Legal Issues

by Carlo Longino


Filed Under:
class action, overcharge

Companies:
cingular



Court Tells Cingular It Can't Deny Lawyers Chance To Make Money

from the how-dare-you dept

The Washington state Supreme Court has ruled that a class-action lawsuit against mobile operator Cingular (now called AT&T) can proceed, despite a clause in the contracts it has subscribers sign preventing them from starting such actions. The suit in question alleges that Cingular overcharged some customers in the state for some roaming and long-distance calls, with a lawyer for the customers saying they were overcharged by $1 to $40 per month. Will this help the customers recover the charges and receive compensation in line with the overcharging? That seems unlikely, since all that's really happened is the court's given lawyers a green light to pursue a paycheck.

Reader Comments

Subscribe: RSS

View by: Time | Thread


  1. identicon
    Anonymous Employee, 13 Jan 2008 @ 8:54pm

    Cingular/AT&T Integrity

    Nothing Cingular/AT&T Wireless does surprises me. At the beginning of the number portability process, the Cingular portability team was swamped with trouble tickets from customers that had been ported to Cingular that never asked to be ported, and wanted to be switched back to their original carrier immediately.

    The development team that put the porting process in place for Cingular was instructed to write code that would allow a customer service rep. to take down information for potential customers inquiring about porting.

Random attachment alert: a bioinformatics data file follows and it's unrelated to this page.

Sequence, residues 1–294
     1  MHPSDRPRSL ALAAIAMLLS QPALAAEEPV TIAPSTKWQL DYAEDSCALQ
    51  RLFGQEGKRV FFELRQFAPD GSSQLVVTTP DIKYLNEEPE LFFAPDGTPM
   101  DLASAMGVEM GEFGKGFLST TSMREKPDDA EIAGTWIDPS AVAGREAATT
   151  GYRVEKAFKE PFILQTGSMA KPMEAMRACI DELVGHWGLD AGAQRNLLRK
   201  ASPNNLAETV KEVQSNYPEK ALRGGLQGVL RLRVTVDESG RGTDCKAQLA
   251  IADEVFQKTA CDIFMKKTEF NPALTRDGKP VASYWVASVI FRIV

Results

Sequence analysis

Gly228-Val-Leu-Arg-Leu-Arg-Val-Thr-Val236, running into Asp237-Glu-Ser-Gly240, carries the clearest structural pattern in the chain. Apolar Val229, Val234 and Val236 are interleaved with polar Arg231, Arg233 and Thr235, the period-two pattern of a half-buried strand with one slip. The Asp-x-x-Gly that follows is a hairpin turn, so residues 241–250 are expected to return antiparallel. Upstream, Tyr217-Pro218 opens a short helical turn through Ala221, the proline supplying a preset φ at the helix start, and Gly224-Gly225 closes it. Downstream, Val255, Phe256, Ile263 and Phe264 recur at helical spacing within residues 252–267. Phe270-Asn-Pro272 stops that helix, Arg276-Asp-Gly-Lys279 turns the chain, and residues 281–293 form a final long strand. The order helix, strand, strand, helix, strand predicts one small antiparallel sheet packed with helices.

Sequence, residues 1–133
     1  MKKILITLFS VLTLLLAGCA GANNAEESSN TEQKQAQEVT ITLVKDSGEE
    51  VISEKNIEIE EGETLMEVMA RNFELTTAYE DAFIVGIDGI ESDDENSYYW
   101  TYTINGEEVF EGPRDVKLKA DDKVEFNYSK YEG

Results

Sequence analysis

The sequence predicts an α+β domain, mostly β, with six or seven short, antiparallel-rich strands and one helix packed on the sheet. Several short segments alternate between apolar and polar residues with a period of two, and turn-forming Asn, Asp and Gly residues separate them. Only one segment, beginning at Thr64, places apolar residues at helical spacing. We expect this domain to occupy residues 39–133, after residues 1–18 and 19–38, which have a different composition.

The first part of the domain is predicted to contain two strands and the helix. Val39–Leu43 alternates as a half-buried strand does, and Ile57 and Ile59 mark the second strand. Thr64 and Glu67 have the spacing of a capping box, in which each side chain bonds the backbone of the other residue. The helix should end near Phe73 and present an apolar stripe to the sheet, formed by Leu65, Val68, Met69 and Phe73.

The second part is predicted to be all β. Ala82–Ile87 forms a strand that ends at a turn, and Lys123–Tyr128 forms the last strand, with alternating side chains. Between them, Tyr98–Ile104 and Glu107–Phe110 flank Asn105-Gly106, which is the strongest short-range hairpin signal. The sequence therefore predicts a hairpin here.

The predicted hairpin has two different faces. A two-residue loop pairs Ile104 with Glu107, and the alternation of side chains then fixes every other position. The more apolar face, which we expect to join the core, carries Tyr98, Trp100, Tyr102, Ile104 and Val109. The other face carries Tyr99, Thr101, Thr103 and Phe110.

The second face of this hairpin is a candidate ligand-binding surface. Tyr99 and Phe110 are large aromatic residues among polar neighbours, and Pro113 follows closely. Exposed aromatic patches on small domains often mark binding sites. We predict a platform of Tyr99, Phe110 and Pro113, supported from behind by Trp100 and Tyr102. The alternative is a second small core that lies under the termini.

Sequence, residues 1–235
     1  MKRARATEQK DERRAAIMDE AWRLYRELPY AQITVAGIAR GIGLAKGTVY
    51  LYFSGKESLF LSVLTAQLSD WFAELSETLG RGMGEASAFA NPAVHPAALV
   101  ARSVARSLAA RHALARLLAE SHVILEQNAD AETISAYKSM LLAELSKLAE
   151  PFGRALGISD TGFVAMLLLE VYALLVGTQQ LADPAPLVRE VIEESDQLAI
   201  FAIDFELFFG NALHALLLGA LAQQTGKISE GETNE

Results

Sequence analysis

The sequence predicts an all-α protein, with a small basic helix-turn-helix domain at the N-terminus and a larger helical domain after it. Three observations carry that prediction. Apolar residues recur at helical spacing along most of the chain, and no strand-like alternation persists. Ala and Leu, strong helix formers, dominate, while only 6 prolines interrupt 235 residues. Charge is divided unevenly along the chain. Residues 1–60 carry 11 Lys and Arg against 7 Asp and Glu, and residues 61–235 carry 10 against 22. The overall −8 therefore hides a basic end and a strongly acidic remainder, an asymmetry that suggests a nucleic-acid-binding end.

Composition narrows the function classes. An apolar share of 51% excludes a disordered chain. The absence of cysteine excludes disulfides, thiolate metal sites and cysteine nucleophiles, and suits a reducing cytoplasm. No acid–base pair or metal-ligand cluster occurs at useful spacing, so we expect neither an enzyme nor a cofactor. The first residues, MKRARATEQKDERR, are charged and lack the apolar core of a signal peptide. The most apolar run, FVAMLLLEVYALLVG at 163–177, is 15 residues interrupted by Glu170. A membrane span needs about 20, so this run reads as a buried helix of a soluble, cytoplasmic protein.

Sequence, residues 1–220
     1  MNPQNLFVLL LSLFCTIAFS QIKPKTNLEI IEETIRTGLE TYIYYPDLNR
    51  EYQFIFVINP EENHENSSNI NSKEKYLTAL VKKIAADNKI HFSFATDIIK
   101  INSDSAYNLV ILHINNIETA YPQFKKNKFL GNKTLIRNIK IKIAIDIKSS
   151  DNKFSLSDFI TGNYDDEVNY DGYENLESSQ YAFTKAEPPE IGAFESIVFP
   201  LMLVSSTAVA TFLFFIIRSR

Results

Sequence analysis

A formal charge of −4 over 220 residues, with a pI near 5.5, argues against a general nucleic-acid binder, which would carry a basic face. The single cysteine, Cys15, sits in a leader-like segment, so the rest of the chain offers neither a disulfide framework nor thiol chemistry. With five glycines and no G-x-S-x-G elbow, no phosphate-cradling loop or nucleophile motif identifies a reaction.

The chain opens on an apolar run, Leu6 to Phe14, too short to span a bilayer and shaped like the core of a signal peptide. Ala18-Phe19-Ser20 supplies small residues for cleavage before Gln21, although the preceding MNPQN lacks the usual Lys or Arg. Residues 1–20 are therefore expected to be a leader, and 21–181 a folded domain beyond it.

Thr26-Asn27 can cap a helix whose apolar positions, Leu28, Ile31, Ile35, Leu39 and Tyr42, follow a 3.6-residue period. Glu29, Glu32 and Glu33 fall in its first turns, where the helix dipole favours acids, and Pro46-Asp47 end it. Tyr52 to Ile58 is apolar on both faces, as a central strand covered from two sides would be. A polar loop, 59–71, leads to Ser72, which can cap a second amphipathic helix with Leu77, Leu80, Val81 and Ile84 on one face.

The team lead for number porting development objected on several occasions on the basis that it was unethical. The reason that it was unethical was that the inquiry process did not stop there. Hundreds and probably thousands of numbers were ported without permission, due to the FACT that inquiry information was "stored" just long enough for a batch job to run that evening which ported all of the inquiries that had enough critical information to allow a number to be ported. Yes, dear old Cingular capitalized on the confusion and activity of the new porting process to SLAM through the porting process. After the confusion settled, those tickets mysteriously waned to nothing.

    I did not sign my correct name is I still work for them.

Add Your Comment

Have a Techdirt Account? Sign in now. Want one? Register here
Get Techdirt’s Daily Email
Use markdown for basic formatting. HTML is no longer supported.
  Save me a cookie
Follow Techdirt
Special Affiliate Offer

Advertisement
Report this ad  |  Hide Techdirt ads
Essential Reading
Techdirt Deals
Report this ad  |  Hide Techdirt ads
Techdirt Insider Chat
Advertisement
Report this ad  |  Hide Techdirt ads
Recent Stories
Advertisement
Report this ad  |  Hide Techdirt ads

Close

Email This

This feature is only available to registered users. Register or sign in to use it.